The following is an excerpt from my upcoming memoir, BrainStorm: From Broken to Blessed on the Bipolar Spectrum.

It is 1978 and I am a seventeen-year-old high school senior. I’ve watched my mom wrestling with depression all through my growing up years. The first time I remember was when I was six on Cape Cod.

But a few years later, when I graduated from elementary school, she decided to go back to school to get her Master’s degree in social work. I guess the work-load was too demanding, but I didn’t really pay too much attention, as I was busy with my friends and sports and school. She found it hard to concentrate on the homework. Couldn’t focus and finish chapters. I didn’t understand this, as it was always super easy for me to get my homework done. She stopped going to class.

I know she’s in trouble one afternoon when I get home from school early because field hockey has been rained out. She is in bed. The room is pitch black and the curtains are drawn. I see the pills by her bed encased in a cardboard wrapper. I never understand why they put that scary picture on the cover looking like a mad woman literally pulling her hair out. How can that make a depressed person feel better? I suspect it is some way for the drug company to make her feel bad so she’ll need more of that drug.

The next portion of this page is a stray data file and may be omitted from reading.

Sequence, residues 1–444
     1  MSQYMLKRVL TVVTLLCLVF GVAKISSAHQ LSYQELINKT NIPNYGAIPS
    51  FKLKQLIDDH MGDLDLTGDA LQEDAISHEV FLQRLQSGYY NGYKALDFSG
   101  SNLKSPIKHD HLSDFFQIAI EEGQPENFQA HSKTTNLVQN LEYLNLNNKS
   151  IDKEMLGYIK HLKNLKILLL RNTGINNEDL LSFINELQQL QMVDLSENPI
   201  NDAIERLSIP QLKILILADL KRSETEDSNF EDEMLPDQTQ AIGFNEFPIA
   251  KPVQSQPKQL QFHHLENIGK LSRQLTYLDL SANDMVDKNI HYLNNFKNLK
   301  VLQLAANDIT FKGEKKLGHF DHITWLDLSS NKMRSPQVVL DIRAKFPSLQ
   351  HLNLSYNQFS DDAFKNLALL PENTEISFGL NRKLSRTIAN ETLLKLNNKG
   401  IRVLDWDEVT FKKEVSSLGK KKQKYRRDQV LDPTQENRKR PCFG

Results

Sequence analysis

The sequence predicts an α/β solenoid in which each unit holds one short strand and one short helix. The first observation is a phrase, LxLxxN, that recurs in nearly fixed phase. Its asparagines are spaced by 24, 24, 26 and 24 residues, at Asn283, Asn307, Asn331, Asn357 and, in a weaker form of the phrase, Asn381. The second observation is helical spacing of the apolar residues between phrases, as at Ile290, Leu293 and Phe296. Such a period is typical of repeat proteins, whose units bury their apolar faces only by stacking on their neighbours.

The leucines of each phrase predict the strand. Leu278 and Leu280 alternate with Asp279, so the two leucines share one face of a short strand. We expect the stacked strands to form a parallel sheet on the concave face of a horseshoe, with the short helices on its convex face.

We don’t cry or show fear in my household, but we are somehow allowed to get mad. I am mad that she is absent from my life. I am mad that she seems to have no control over this thing. I am mad that she loses energy and focus and turns cold. I don’t raise my voice or rage like my dad, but I am snide and disrespectful and—I know it—mean. I can’t seem to help myself. I have to blame someone. My muscles in my neck get tight and I spew it out.

“Why don’t you just get up and deal with your life, Mom? Jesus, you’ve been telling me you’re leaving Dad for a decade and you just sit here and take his abuse. No wonder you’re depressed. Finish school, get a job, do something!”

She doesn’t answer. Just turns away.

She is weak and lazy, and I can’t stand to be around her. I feel her mood sucking the air out of the room and it’s almost as if I have to get outside to breathe. I dial my best friend Martha, 232-1132.

“Can you meet me at Eliot Park?”


And with that I am gone.